For 23 years, Formula 1 has had the same iconic logo. At the final Grand Prix this year, they unveiled a completely new design to be used in the 2018 season and beyond.
Gone are the fourteen red ‘speed lines’ trailing from the number 1. Instead, the new logo uses just three thicker, bolder lines and accentuates more of a backwards-sloping angle, the shape of which not only resembles two cars racing towards a finish line, but also attempts to showcase to the world a renewed brand that is both figuratively and literally, in motion.
Many brands update or adjust their logo regularly, but F1 was not one of those. So, why now?
Marketing to a young audience
The sport has been desperately trying to engage with, and retain, younger viewers. The Guardian reported earlier in the year that F1 has lost 3.8 million viewers in the UK since 2015, and that the sharpest fall has been in the 17-24 group, who now watch 42 percent less television than they did in 2010 (motorsport.com). These statistics are likely to worsen in 2019, when the sport will no longer be broadcasting for free in most cases, so change is desperately needed.
Part of their wider strategy is to engage with a younger audience, largely focusing on investing in promoting the brand via digital technologies, and particularly social media.
New social media strategy
Up until just February of this year, the F1 had an archaic approach to social media and video content management, stipulating what teams and drivers could and couldn’t share, while posting minimal video content themselves. With so much content being stolen and redistributed online, the organisation viewed it as a threat to their TV revenues, rather than an opportunity to widen their audience and promote their brand.
This approach is in stark contrast to many of the sports ‘competitors’, even the lesser-known MotoGP motorcycle championship has almost 13 million followers on Facebook compared to F1’s 3.9m, thanks to their bold and liberal approach to sharing video content. The MotoGP don’t share the whole races, but they actively post video highlights and photographs, even while the race is still underway. It’s proved to be a great way of expanding, capturing and providing instant engagement opportunities for fans.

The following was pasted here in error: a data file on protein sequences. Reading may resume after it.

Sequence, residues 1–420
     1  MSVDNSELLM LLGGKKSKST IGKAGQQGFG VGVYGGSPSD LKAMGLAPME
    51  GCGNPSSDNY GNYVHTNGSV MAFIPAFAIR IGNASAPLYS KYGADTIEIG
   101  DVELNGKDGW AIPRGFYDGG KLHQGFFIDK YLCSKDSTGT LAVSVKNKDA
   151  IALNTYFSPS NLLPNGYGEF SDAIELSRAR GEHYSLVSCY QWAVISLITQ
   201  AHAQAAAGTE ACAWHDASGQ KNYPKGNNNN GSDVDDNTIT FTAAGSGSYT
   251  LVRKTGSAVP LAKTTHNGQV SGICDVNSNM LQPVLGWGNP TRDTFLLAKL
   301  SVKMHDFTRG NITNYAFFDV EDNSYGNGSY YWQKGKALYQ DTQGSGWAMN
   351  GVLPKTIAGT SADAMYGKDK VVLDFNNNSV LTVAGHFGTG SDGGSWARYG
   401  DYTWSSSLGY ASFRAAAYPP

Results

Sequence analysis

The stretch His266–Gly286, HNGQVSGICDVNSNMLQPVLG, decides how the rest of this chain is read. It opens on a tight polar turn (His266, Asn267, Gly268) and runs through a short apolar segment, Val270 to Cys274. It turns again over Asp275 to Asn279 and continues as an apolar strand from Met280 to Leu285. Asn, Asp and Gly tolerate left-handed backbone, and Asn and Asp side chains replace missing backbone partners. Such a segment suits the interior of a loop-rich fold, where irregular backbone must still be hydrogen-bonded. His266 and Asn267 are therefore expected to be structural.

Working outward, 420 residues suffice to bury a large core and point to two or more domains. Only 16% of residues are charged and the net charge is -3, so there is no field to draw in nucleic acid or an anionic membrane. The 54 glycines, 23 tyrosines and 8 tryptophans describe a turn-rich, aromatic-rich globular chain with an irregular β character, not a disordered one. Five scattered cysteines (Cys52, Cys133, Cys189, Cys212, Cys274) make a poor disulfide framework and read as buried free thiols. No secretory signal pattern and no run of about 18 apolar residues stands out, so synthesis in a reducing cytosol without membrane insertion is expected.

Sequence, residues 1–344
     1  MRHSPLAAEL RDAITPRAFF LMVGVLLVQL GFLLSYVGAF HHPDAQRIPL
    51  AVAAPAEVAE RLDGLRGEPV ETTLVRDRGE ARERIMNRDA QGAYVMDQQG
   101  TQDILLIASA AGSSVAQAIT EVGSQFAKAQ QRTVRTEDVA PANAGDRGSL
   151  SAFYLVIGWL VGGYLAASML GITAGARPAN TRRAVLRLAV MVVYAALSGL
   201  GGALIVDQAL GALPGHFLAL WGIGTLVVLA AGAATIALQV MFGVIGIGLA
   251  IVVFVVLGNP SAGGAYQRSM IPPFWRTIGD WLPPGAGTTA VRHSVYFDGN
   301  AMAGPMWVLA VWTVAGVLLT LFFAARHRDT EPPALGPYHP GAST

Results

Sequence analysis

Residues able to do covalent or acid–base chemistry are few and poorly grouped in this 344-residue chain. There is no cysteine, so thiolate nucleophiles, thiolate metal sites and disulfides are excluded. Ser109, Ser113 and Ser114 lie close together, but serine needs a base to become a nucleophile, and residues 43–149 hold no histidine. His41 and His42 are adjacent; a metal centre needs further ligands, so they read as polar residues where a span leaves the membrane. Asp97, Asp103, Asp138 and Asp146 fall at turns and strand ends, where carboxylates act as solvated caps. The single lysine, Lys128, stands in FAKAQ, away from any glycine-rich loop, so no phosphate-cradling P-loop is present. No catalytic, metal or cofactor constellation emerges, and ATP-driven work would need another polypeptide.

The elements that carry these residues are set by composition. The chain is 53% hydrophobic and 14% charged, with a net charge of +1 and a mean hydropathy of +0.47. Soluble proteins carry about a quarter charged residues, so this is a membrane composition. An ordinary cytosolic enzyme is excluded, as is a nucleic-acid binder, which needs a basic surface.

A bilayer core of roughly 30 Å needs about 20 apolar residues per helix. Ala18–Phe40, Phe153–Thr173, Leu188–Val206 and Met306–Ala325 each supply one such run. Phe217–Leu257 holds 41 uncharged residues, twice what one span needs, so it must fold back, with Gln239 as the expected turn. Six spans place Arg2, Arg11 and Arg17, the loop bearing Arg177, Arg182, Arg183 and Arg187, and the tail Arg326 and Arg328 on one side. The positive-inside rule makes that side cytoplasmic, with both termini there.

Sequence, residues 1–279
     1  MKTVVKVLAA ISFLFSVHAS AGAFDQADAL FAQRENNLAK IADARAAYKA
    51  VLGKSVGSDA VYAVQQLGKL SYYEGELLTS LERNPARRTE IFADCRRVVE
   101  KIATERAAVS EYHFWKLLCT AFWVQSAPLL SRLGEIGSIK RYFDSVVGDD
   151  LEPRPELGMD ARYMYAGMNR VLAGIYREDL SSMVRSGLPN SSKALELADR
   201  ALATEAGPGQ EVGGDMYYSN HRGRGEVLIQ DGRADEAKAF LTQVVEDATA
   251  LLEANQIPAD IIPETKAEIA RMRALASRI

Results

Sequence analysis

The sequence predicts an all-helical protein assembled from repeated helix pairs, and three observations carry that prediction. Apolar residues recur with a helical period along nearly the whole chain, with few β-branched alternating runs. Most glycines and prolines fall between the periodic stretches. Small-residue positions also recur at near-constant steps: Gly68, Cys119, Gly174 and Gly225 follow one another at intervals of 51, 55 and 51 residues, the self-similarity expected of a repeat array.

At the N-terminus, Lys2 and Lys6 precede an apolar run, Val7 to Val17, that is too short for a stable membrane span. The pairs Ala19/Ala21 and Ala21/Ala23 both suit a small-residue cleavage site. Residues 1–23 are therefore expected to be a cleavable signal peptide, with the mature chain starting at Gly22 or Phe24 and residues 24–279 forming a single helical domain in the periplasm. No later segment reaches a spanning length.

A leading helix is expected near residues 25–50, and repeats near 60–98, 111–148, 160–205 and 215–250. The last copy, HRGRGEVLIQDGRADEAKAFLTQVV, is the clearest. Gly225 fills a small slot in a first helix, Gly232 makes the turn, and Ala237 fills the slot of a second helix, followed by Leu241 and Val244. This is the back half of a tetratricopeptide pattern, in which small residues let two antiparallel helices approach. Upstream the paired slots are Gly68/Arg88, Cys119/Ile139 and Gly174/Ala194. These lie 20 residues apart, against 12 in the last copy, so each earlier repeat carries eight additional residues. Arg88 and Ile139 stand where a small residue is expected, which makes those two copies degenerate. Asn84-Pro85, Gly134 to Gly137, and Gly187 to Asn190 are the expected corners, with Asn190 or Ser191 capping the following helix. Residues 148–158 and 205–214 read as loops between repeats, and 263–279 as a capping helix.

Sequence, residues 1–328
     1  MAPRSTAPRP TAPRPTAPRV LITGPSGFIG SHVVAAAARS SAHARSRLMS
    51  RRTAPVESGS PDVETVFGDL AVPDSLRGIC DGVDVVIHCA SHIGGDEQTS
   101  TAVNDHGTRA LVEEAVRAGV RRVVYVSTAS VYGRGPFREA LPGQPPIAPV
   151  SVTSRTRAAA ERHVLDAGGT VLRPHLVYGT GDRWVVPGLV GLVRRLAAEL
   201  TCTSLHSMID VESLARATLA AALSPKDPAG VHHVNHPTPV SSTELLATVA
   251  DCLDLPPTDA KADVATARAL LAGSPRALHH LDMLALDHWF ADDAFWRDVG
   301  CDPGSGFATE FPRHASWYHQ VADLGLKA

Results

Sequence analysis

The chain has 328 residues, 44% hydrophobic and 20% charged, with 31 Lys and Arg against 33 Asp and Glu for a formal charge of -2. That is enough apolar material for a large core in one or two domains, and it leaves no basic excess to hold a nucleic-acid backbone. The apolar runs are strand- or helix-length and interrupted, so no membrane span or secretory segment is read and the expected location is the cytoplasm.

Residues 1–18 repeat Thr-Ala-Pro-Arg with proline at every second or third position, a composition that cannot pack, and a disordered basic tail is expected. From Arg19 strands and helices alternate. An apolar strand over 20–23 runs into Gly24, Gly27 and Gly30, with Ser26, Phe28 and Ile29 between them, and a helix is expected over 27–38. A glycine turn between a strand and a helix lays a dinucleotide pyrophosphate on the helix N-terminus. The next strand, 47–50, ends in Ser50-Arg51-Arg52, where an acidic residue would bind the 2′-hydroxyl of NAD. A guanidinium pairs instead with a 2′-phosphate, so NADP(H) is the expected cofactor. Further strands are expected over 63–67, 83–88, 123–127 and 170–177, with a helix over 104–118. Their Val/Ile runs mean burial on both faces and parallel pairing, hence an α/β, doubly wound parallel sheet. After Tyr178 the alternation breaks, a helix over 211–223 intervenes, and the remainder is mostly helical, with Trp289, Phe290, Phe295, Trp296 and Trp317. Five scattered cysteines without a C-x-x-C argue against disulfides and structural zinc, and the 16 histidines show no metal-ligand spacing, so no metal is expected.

New logo designs that work with social media
F1 have discovered, like many others, that the brand they had developed many years ago is no longer functional. It’s design many years ago would have been influenced by its application, printed on huge billboards and sitting at the bottom of TV screens. It’s dimensions and lack of alternative logo styles meant that the brand was not at home inside the necessary applications of today – a tiny, round Instagram profile picture on a small phone screen or a square, 1:1 Facebook video, for example.
With so many applications, how can you ensure brand consistency?
We regularly guide clients who have had a logo for a long time through this process. We start by assessing how the application of the logo has changed and how it is likely to change in the future, helping us to develop a brand and a strict set of guidelines that ensure that a given logo or brand style is applied strongly and consistently across both the online and offline world. Often this requires developing a family of logos and an adaptable brand style.
Take our own logo for example, there are many versions of it. We have our ‘bird’ element along with our full logo, combining the element with a typographical “Squarebird”.
It enables us to be flexible, while consistent, and it doesn’t seem out of place when you see the bird on its own or the full logo. F1’s relaunch will help them do the same, and I’m sure we’ll see more brand extensions as the season begins next year.
The new logo, whether you like it or not, is a wise move strategically. It will create attention worldwide, and provides an opportunity for F1 to explain the reasons behind it.
It does however seem a shame to lose the old logo, which was one of my favourites. It’s commonly known that the FedEx logo is home to an ingenious hidden arrow, which has won plaudits over the years. Similarly, the old F1 logo had a hidden ‘1’ within the negative space between the F and the 1. If you think everyone knows that, ask a few people. You’ll be surprised how many don’t know it’s there, and they’ll never see it the same again!
In summary, Formula 1 now see what they missed out on, and the new logo design is just as much of a statement of intent, a projection of their willingness to change, as it is a functional redesign.
Branding and logo design Bristol
Are you thinking of rebranding? Do you find that your logo doesn’t translate or work on the range of applications that you need it to? Our friendly team will be happy to discuss your requirement, and help you take the first step towards a slick and consistent brand.